There are probably many solutions, but one I personally have become familiar with is writing a poem.
Or, perhaps I should say "re-familiar," because I used to write poetry when I was in middle school. For each piece, I would start by doing a bit of research about a chosen subject, usually a subject that was suggested in my poetry journal (which I still have)...followed by taking my pen and jotting down ideas that came to mind; followed by typing the revised, polished version on Word; followed by choosing the right font that matched the mood; followed by printing it, cutting it out of the solid white printer paper, and pasting it into the journal; and finally followed by adding a colored pencil illustration to connect myself more to the poem. And now, we have the final product.
This was my artistic process as a 14-year-old. At the time, I perceived poetry as something methodical, with a goal assigned to you from the outside, and where you must follow a specific list of steps in order to write a successful string of verses. It is almost like I understood poetry as more of a science than an art. These were things I believed until recently.
To put it briefly, I came across events during the past several months that had pushed me to a state of near-constant worry, stress and fear. These emotions reached a point where thoughts tumbled and twisted in my mind. It was as if my eyes could not see in front of me, but rather they were consumed by the invisible and intangible, the fluid statements and questions and anxieties in my head that never stopped rising and falling like uncontrollable waves.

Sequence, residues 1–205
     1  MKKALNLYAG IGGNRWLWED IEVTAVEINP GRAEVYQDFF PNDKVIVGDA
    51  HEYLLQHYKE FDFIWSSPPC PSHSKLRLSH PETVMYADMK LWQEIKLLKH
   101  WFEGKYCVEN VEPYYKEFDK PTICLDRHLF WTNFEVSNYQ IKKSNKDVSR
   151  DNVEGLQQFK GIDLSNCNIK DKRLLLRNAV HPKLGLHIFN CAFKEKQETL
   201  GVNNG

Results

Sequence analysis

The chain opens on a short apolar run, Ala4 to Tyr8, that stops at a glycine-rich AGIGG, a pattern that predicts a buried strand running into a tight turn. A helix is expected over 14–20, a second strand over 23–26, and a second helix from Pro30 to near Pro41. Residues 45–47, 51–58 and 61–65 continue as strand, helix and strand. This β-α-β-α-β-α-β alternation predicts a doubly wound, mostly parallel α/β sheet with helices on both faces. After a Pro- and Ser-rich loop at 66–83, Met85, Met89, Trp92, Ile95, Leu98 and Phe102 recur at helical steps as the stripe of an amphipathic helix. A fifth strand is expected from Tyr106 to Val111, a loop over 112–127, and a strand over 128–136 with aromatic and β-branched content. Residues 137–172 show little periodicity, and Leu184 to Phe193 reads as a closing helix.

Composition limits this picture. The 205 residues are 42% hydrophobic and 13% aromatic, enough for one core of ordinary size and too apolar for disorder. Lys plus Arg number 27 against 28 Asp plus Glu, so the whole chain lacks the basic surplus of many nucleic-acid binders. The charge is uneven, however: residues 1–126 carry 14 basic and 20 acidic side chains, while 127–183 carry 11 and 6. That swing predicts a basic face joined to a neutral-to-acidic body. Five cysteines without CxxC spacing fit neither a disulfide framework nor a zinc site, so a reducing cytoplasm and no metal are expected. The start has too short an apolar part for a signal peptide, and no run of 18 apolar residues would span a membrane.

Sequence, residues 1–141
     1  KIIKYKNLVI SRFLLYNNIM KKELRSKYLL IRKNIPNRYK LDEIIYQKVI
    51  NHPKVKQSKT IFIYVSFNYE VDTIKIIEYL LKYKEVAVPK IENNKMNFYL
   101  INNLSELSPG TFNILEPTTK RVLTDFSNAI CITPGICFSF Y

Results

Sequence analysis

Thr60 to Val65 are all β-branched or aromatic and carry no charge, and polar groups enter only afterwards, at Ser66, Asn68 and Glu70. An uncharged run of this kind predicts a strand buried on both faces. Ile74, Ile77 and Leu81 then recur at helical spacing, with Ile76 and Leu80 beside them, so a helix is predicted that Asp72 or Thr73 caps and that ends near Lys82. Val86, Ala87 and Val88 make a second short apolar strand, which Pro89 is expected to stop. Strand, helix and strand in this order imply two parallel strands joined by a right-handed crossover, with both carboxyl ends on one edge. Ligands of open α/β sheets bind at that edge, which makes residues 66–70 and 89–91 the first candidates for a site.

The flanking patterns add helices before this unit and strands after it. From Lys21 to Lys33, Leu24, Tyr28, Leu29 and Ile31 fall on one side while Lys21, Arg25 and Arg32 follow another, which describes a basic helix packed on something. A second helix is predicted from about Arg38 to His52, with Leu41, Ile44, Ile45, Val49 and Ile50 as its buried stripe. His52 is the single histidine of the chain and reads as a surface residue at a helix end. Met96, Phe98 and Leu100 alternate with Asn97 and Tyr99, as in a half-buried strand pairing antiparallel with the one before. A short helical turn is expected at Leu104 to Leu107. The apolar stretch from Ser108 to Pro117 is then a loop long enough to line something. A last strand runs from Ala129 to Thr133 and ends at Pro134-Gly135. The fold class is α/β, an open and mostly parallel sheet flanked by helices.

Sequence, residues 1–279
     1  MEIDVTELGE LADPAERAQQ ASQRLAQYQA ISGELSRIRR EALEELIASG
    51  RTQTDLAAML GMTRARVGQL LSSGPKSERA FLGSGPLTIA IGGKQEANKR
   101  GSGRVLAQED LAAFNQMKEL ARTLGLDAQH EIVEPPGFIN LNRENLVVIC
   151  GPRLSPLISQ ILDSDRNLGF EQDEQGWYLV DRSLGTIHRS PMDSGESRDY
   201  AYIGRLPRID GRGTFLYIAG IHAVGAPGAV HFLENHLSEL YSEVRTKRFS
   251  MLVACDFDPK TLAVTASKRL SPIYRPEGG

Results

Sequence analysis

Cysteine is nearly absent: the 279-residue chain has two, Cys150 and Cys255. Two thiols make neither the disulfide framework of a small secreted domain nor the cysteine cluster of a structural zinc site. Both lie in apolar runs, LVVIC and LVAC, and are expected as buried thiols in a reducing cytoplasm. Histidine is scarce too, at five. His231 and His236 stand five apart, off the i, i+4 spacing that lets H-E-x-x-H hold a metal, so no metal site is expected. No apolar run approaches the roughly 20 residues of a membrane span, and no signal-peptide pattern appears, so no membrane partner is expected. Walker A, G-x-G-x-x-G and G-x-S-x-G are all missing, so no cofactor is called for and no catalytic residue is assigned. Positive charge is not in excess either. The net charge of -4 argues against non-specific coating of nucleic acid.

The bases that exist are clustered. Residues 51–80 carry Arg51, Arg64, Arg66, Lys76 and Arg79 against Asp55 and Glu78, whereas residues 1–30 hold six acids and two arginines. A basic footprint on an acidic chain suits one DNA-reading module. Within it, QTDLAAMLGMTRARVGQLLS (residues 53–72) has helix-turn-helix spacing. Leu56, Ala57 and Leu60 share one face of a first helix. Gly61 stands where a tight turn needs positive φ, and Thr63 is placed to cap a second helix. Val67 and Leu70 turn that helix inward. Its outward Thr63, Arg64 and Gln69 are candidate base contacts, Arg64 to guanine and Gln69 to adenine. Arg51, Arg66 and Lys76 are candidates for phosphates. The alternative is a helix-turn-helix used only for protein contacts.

And so, my instinct was to release these thoughts, to free them and thus to free myself. In other words, I start writing poetry. And I soon realized that this was real poetry.
I understood that, like all other forms of art, writing a poem is something that comes out of you and that is not given by another person. The words seem to jump onto the paper, and there is something miraculous about that.
When you feel as consumed with magnified feelings and thoughts as I did in my case, it is a good idea to make use of them instead of letting them render you lost and helpless. You don't even have to be faced with feelings/thoughts that are negative--Finding yourself in times of inexplicable joy, or perhaps times where you learn new things about yourself that you want to carry with you like you would an injured bird you found in the road, are also lovely opportunities for you to jot words down.
It is always nice to remember the good and bad of your experiences, and to allow yourself to create such an art as poetry in order to make sense of this big world you live in. :)
So grab a pen and paper--or if you like to be organized like myself and keep a journal solely dedicated to poems, which you can keep close in order to release those overwhelming thoughts any time--and start writing, because by doing so you are enlivening not just a poem, but one of many footprints you will leave in the universe.